Effect of high-temperature water and hydrogen on the fracture behavior of a low-alloy reactor pressure vessel steel

Supratik Roychowdhury (Corresponding Author), Hans Peter Seifert, Philippe Spätig, Zaiqing Que

Research output: Contribution to journalArticleScientificpeer-review

15 Citations (Scopus)

Abstract

Structural integrity of reactor pressure vessels (RPV) is critical for safety and lifetime. Possible degradation of fracture resistance of RPV steel due to exposure to coolant and hydrogen is a concern. In this study tensile and elastic-plastic fracture mechanics (EPFM) tests in air (hydrogen pre-charged) and EFPM tests in hydrogenated/oxygenated high-temperature water (HTW) was done, using a low-alloy RPV steel. 2–5 wppm hydrogen caused embrittlement in air tensile tests at room temperature (25 °C) and at 288 °C, effects being more significant at 25 °C and in simulated weld coarse grain heat affected zone material. Embrittlement at 288 °C is strain rate dependent and is due to localized plastic deformation. Hydrogen pre-charging/HTW exposure did not deteriorate the fracture resistance at 288 °C in base metal, for investigated loading rate range. Clear change in fracture morphology and deformation structures was observed, similar to that after air tests with hydrogen.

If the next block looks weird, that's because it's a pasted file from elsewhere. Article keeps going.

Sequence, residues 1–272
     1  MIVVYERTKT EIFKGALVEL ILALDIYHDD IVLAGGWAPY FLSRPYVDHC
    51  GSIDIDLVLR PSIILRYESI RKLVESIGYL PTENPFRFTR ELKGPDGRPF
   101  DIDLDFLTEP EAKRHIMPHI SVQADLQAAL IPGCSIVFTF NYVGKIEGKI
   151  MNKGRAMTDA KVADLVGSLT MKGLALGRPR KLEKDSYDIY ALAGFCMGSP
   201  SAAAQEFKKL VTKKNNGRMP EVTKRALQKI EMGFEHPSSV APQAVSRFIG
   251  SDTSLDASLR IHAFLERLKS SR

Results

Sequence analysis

Original languageEnglish
Pages (from-to)343-364
JournalJournal of Nuclear Materials
Volume478
DOIs
Publication statusPublished - 2016
MoE publication typeA1 Journal article-refereed

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